Dwain Chambers, GBR
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Dwain was English Schools Intermediates champion at 100m.
Dwain won gold medals at both 100m and sprint relay at the European Juniors.
Dwain won gold medals at both 100m and sprint relay at the European Juniors, when, from a previous PB of 10.32/10.27w, he ran 10.06 to win the 100m. This was a World Junior Record, the first by a British sprinter since Peter Radford in 1958.
Dwain had a splendid season in 1998, when he took the European silver medal and placed 3rd in the World Cup at 100m, although his time of 10.03 in Johannesburg was aided by high altitude and a rolling start.
On 12 June 1999 in Nuremberg he was 2nd to Bruny Surin at 100m - in 9.99, thus becoming the second European sprinter to break the 10-second barrier. He then won for Britain at the European Cup and produced a series of fast times at 100m, including a brilliant win in 10.05 in cold weather at Gateshead, 10.07w when 2nd at the AAAs, 10.04 for 3rd at the British Grand Prix, and finally another best, 9.97, for the bronze medal at the World Championships.
Although he declined selection for the European Indoors in 2000, Dwain was Britain's second fastest of the year at 60m at 6.55. He was back in top form outdoors at the AAAs, where he won the 100m title in 10.11, despite a -0.8 m/s wind and had a brilliant victory over a top field including Maurice Greene at Gateshead, running 10.11 into a headwind. He improved his year's best to 10.08 in the Olympic final when he placed fourth.
He had a great season at 100m in 2001 from his win at the European Clubs Cup in 10.12 to a commanding win at the Goodwill Games (10.11 with a head-wind). Other highlights included his 10.01 win at Seville, 10.00 for 3rd in Lausanne and 10.01 to win the AAAs, the fastest ever time with an allowable wind by a British athlete in Britain. At the World Championships he broke ten seconds for 100m twice, 9.97 (no wind reading) in the quarter-final and 9.99 for fifth in the final. He also made a breakthrough at 200m with 3rd in the AAAs in a personal best time of 20.65 and a brilliant win at the Norwich Union British Grand Prix in 20.31.
Dwain was ranked as the world number two at 100m in 2002. After a brilliant 200m PB of 20.27 in Athens, in the cool of Manchester he ran brilliantly to win the Commonwealth Trials 100m in 10.03. Appointed team captain, he led by example at the European Cup by winning the 100m in 10.04 and pulling away from the field on the anchor leg of the 4x100m.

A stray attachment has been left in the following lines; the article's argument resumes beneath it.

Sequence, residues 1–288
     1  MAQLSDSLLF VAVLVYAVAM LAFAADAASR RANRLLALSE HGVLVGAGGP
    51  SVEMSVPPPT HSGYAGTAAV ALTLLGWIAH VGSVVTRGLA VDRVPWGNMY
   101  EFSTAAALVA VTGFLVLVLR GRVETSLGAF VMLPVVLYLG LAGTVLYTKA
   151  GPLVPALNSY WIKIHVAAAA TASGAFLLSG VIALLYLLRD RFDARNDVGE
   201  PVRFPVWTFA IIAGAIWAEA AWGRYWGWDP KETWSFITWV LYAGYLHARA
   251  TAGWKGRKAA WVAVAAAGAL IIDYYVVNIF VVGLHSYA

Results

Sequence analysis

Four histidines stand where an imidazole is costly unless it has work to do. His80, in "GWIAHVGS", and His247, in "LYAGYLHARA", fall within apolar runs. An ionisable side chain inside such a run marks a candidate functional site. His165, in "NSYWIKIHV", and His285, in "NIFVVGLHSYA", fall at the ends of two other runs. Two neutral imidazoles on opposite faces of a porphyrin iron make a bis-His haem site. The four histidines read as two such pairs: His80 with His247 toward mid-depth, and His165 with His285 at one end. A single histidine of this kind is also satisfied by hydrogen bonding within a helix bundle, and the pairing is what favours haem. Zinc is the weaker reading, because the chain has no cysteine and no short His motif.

He then had two exhilarating wins at 100m, beating Maurice Greene on both occasions, with 10.05 in Oslo and 9.95w in Sheffield, where he was also 2nd at 200m in 20.38. His bid for 100m gold at the Commonwealth Games started well with wins in preliminary rounds in 10.19, 10.17 and 10.06, but he got off to a bad start in the final and pulled up with cramps, later attributed to lack of fluids.
He bounced back brilliantly to take the gold medal in a championship best of 9.96 at the Europeans and added a superb run to bring the British team to gold in the 4x100m relay in a world-leading time of 38.19.
He reduced his 100m best to 9.94 in his heat in Zürich before taking third in the final in 10.05 against the wind, and ran the first ever 'legal' sub-10 second time in Britain by a British athlete to win the 100m at the Norwich Union GP in 9.98 from the Americans Tim Montgomery and Maurice Greene.
At last finding perfect conditions, with a tailwind on the legal limit of 2.0 m/s, he tied Linford Christie's European record of 9.87 in second place to Montgomery's world record of 9.78 at the Grand Prix Final. A week later, however, he was below par with fifth at the World Cup in 10.16.
Dwain ran a disappointing 6.68 for 4th in his 60m heat at the Norwich Union Grand Prix. He improved to 6.59 for 2nd in the AAAs, but was beaten by 0.01 by Mark Lewis-Francis and thus missed a World Indoor Championships place. Outdoors he ran two 100m races in the USA: 3rd at Modesto in 10.19 and 4th at Eugene in 10.17, before mixed fortunes in major 100m races in Europe, with a best of 10.03 for 2nd in the Grand Prix at Tríkala and wins in Britain at Glasgow and Gateshead.
He won the AAA title in superb style in 10.08, a time worth substantially under 10 seconds in favourable conditions given a strongish headwind at -1.8 m/s, and was denied a super-fast time in bizarre circumstances at the British Grand Prix. He won the race, delayed by 20 minutes when the timing system broke, beating a top-class field, beating a top-class field, and was given a hand-timed 10.0 but this was shown as 9.96 on video analysis.
Fourth at 100m and a silver in the 4x100m is fine, but was nonetheless a little below what might have been at the World Championships. A marginal favourite for the title after winning his semi in 10.06 and running 10.03 in his quarter-final, he just missed a medal, 4th in 10.08, in the 100m and he was run down by Joshua Johnson (USA) in the 4x100m after taking the baton in the lead on the anchor leg of the sprint relay.
He was only 7th in Brussels but ran somewhat better for 4th in the World Athletics Final for 4th in 10.10.
However, in October Dwain tested positive for the anabolic steroid THG. READ STORY
Dwain was found guilty of taking THG in February 2004. He faces a two-year ban from the sport, and a lifetime ban from competing in the Olympics.
In April the Great Britain relay team were asked to return their silver medals.